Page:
It’s not like the current Obamacare is without flaws. The Congressional Budget Office says it works, but it could work even better. If DJT would take the socks from his ears and engage some serious national health experts, not just right wing ideologues, he could turn this defeat into an eventual win.
In the Senate his climb is steep because the Democrats have some additional clout. That won’t make his chore any easier, but it certainly is doable, if he tries for bipartisan backing.
Despite the WH threats and claims, Trumpcare isn’t dead although the package which almost made it to the House will get sheared if/when they start considering it in the Senate. The chamber works differently.
With 48 Democrats and enough Senate R’s caught between their own GOP moderates and hardliners, a thoughtful alternative could incubate.
Donald Trump defied most every element of the Washington Politics 101 book, so if the President considers a softer, bipartisan approach it might not be beyond him to effectively work across the aisle and produce viable healthcare legislation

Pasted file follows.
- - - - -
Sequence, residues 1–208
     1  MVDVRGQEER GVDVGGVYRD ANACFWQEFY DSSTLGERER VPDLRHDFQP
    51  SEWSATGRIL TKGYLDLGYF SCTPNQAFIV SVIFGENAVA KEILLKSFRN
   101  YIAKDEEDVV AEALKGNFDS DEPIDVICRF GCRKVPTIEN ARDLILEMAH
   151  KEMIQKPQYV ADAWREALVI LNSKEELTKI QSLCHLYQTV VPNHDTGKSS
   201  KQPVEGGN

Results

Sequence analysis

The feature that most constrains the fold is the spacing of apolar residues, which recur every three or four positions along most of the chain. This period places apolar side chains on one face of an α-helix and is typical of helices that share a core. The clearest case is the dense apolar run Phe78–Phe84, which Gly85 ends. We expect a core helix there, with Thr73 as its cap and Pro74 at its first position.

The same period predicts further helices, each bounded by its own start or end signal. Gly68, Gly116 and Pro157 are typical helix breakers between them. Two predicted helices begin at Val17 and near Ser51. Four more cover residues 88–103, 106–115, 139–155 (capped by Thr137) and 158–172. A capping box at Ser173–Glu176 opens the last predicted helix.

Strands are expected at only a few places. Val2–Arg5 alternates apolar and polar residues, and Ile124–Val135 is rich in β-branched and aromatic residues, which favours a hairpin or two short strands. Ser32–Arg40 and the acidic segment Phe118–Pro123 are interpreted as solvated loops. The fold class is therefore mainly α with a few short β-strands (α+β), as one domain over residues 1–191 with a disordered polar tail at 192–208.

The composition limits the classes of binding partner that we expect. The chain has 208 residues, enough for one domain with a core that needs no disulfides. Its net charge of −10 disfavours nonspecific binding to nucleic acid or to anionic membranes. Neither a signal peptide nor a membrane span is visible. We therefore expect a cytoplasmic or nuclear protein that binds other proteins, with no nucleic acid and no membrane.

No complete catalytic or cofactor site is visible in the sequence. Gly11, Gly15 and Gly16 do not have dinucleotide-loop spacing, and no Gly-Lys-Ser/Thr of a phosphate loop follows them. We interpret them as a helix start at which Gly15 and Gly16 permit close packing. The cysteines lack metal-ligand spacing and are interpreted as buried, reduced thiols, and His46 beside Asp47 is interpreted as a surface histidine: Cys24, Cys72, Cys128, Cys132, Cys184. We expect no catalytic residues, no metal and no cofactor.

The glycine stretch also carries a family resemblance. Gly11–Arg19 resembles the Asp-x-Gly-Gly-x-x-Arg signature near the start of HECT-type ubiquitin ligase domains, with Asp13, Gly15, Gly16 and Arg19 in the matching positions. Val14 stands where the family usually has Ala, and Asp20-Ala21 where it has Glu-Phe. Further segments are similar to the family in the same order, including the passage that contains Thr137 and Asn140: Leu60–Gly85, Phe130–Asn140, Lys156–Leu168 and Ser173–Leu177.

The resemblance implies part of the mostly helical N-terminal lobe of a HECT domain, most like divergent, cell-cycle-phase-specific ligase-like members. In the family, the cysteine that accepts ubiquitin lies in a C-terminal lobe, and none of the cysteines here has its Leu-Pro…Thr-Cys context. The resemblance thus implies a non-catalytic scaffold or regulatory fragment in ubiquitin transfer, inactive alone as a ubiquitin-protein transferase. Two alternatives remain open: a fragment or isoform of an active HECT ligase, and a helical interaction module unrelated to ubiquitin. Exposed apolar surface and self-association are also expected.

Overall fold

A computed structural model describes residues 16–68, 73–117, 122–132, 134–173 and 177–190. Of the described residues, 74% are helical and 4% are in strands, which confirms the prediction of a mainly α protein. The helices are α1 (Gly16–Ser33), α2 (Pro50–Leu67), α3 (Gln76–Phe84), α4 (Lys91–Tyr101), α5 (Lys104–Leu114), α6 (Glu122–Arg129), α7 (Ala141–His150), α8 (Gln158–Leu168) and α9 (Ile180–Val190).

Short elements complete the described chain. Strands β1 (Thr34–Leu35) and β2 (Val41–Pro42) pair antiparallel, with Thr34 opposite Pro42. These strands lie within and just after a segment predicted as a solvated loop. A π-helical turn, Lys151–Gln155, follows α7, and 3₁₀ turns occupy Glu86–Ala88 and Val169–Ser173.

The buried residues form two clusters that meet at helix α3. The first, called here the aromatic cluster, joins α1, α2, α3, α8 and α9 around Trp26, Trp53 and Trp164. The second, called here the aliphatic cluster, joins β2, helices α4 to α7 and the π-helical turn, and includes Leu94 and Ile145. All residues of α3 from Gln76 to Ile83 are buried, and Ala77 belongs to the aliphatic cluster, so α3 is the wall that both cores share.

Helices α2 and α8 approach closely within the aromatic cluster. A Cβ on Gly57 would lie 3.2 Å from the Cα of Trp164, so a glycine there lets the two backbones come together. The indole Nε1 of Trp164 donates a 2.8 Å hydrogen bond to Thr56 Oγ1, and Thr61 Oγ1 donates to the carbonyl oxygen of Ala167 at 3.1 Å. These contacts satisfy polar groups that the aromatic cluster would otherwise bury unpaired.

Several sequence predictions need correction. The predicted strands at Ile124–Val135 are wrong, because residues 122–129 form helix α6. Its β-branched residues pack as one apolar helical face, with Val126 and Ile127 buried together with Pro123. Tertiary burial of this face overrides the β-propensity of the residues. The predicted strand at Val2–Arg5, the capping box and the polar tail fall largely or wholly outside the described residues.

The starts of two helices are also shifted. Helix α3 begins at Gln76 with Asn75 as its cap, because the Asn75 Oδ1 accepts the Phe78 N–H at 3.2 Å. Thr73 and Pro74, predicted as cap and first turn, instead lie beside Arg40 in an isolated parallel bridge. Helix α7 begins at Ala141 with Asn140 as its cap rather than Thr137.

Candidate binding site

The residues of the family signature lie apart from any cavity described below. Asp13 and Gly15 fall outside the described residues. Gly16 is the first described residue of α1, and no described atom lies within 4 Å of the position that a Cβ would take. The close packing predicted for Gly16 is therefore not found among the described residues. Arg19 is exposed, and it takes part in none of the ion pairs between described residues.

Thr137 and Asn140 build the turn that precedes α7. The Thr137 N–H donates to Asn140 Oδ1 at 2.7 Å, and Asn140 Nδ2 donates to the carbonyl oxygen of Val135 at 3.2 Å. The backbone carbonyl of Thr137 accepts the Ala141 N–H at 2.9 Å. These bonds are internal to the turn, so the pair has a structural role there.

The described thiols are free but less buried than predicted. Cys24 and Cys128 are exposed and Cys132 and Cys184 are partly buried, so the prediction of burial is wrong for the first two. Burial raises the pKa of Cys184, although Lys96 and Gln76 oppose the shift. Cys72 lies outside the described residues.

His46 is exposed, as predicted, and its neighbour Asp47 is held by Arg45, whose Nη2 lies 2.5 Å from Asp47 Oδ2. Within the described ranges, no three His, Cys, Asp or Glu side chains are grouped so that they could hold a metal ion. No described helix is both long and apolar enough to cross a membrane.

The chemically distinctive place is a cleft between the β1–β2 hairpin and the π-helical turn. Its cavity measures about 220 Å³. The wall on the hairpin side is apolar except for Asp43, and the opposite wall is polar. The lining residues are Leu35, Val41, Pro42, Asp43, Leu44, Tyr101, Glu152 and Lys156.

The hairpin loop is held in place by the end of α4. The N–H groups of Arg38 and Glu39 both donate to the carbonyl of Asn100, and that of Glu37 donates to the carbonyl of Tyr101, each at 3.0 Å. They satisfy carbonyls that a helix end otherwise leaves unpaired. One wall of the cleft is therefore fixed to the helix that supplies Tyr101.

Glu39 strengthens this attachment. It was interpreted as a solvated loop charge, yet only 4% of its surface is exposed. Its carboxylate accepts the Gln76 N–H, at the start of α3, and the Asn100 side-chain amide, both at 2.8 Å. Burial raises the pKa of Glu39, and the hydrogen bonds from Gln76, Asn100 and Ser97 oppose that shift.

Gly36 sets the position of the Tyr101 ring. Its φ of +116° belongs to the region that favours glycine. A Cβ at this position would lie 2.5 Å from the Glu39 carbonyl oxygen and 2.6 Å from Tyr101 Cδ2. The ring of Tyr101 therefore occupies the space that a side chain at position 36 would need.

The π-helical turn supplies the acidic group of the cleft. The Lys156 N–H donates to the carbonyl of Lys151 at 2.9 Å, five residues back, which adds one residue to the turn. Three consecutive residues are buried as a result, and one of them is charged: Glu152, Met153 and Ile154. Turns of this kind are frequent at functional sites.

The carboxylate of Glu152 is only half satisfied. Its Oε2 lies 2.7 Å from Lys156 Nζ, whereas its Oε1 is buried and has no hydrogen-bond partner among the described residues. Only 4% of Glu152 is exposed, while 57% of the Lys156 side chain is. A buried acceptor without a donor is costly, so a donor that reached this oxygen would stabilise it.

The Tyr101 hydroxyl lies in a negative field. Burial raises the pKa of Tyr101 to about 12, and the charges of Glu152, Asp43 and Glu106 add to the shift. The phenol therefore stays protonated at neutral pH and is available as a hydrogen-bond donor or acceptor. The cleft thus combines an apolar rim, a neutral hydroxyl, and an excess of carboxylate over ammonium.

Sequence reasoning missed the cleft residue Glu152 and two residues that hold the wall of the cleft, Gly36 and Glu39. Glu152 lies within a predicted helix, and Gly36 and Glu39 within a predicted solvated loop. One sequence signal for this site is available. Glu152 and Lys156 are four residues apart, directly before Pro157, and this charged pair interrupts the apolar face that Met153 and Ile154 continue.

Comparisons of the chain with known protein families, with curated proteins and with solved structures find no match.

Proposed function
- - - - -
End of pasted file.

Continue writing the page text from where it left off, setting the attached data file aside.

My Only Russian Comment this week…
…is an old one. It’s clear that the House R Keystone Cops can’t put together any kind of independent investigation of Russian tampering in the US presidential election, without running to the President with every jot and tittle. An Independent Counsel/Special Prosecutor must be appointed to answer these questions, assure our nation that the Russians did not interfere in our last presidential election, and if they did, they were not invited in to do so by the Trump campaign or its allies.
Anything short of that congressional response will be the equivalent of the Warren Commission report on the John F. Kennedy assassination, meaning a document forever disputed.
Putin and Russia cannot be trusted. Russians have been our nation’s jealous enemies/rivals since before the end of WWll and won’t change under their current leaders.
For decades, their culture and society have been ones of shortages: never having enough freedom, food, consumer goods, and democracy. To make up for it, they lie, steal, bully, and resort to thuggery, at home, abroad, wherever they post their flag.
The FBI sees it as do others in our intelligence community, but not some of the Capitol Hill thickheads charged with looking for it.
GSE Fix; Hope for DJT & the Nation?